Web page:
Blood on David's clothes belonged to Stephen

Blood stains on clothing David Bain wore the day his family were killed contained the DNA of his brother Stephen, the court heard in 2009.

When Dr Harbison examined samples from bloodstains on David's sock, she found three samples matched Stephen's DNA. Stephen's DNA was also in samples from blood on the front left, upper back and lower back of David's white T-shirt, and in a sample taken from a bloodstain on David's black shorts. [Herald news article Here ] TV ONE Video HERE There was also blood stains on Davids Gondolier shirt he was wearing the day before the murders information found HERE

Evidence shows that Stephen had a fight for his life with whoever killed him, resulting in transfer of his blood to the killer.

It could be argued that he got maybe some blood on him while kneeling over to check his brother was dead, but then there was blood stains on the back and the front of his T shirt and on the crutch of his pants which makes that scenario unlikely, the fact that David had Stephen’s blood in a place on his shorts which was hardly consistent with accidental contact must be regarded as a significant piece of circumstantial evidence against him., however Robin did not have any of Stephen's blood on his clothes and it is certain that the killer must have transferred some blood from Stephen as a result of the struggle.  The Defence made the following argument:

That Robin changed his clothes and left the blood soaked ones in the laundry so that he could meet his maker in clean attire

You have to ask yourself how likely this is, especially given:

  • The extra time that it would take to do that and risk still being alive when David returned from the paper run.
  • The general state of hygiene in the house and the eyewitness accounts of Robin's poor state of self-maintenance at the time.
  • If Robin is following religious principals so fastidiously then he wouldn't have committed the murders in the first place because as we all know Christianity forbids murder. There is a direct contradiction here in religious belief.  What is there to achieve in the eyes of your Maker by changing your clothes when you have just committed quadruple murder?
  • The clothes that Robin wore when he died were not especially smart and were what he put on to wear most mornings.

This explanation is ridiculous and there is absolutely no basis for it in any eyewitness testimony or evidential statements.  It is another example of the Defence inventing stories to provide plausible explanations for their version of events.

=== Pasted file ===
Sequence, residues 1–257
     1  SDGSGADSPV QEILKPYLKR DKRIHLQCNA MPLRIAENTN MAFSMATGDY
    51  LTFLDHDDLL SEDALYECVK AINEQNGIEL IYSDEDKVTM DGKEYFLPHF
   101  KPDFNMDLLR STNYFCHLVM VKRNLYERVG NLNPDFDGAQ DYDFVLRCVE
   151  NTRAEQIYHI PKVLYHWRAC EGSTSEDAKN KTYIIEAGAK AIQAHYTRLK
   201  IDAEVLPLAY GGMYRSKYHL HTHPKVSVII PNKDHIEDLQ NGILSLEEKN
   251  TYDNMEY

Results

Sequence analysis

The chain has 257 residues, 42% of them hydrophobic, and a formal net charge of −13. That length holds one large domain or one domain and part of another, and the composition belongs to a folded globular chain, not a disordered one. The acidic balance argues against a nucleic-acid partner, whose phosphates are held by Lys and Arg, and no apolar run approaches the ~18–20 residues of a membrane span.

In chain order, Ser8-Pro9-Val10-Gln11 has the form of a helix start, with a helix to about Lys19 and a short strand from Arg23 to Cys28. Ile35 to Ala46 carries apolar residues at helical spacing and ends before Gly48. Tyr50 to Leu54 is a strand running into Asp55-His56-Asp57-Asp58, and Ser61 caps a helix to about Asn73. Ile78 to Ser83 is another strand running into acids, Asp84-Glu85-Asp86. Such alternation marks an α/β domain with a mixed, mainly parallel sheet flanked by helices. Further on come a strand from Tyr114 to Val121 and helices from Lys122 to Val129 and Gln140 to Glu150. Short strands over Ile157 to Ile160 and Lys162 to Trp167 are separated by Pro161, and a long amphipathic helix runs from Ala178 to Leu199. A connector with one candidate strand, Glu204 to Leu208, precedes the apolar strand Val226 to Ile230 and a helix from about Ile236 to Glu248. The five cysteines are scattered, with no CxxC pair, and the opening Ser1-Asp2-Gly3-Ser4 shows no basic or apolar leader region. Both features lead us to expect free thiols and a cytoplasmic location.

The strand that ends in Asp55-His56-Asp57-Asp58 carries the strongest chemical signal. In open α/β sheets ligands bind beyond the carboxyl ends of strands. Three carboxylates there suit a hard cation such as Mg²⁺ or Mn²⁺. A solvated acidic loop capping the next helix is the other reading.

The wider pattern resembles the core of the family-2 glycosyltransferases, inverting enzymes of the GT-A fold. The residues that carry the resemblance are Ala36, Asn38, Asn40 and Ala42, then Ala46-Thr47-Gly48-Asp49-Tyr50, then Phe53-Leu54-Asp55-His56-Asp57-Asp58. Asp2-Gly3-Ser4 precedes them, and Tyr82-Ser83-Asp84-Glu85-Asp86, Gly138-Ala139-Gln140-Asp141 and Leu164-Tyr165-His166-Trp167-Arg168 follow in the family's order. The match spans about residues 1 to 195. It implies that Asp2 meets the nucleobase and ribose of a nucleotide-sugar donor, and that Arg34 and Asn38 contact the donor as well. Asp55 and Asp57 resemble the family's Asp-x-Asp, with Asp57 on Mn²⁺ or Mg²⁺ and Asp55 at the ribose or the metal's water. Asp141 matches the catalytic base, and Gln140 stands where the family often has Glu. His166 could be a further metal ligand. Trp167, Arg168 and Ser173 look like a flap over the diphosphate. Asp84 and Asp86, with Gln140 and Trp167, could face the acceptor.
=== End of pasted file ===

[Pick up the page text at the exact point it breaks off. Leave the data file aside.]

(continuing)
The Defence response to any questions regarding Robin's actions in this scenario are met with the response that he was acting irrationally and so it cannot be fully explained so we are asked to suspend reason and accept just about any sequence of events is possible.  If so, why attempt to put forward an explanation in the first place?

If you are to believe that David got the blood on his clothes as a result of kneeling over Stephen then why wasn't there blood from the other victims on David's clothes?  Is it just coincidence that he kneeled over and inspected the only victim who put up a bloodied fight to the finish?

The Defence explanation regarding the clothes is ridiculous and highly unlikely.

I seem to remember that the defence said that the blood on David Bains shorts could have got there from David kneeling over Stephen,I would have liked to have seen someone demonstrate that.But what about the blood on David Bain's T-shirt?


Re the blood on David Bain's T-shirt.DNA tests carried out after the trial proved that this was Stephen's blood.The scientist that carried out the test said it appeared to be old blood.  The point I have always made is that it is highly unlikely that David Bain would have been wearing a T-shirt with old blood on it.

Re the green jersey.At the retrial Mr Doyle,who now works for the police in a civilian capacity,agreed with Reed,when cross-examined,that David Bain had always said that jersey belonged to his father.Apparently he was not aware that Bain had twice said,prior to the trial ,that the green jersey belonged to Arawa.He is not the only person who would have made the same mistake,as I have just found out. Reed was counting on that when he cross-examined Doyle.  In other words, he took a punt. 

Please note Mike the evidence in the first trial when David misidentified the jersey belonging to Robin.He stated the green v knecked jersey on display in the court belonged to his father.He was then asked to match it to a montage of photos of Robin with  wearing a green jesey.He agreed they were the same jerseys.Alas for David the green jersey worn by Robin  in the photo montage was round necked. (Re Mask of SAnity pgs 120-121)

Yes,I know David Bain pointed to three photos that he said showed his father wearing that jersey,but it was a different jersey.

But even Milton Weir would have agreed with Reed.He had forgotten that Bain had twice said early in the piece that the jersey belonged to Arawa. To be fair,he wasn't the one who interviewed Bain,and nor was Doyle. Reed took a punt on Doyle not knowing that Bain had twice said that jersey belonged to Arawa.



It is also worth noting that a deeply religious man would never commit suicide as that is also a mortal sin in Christianity.


The blood on his clothes would be the least of Robin's worries when he "met his Maker"!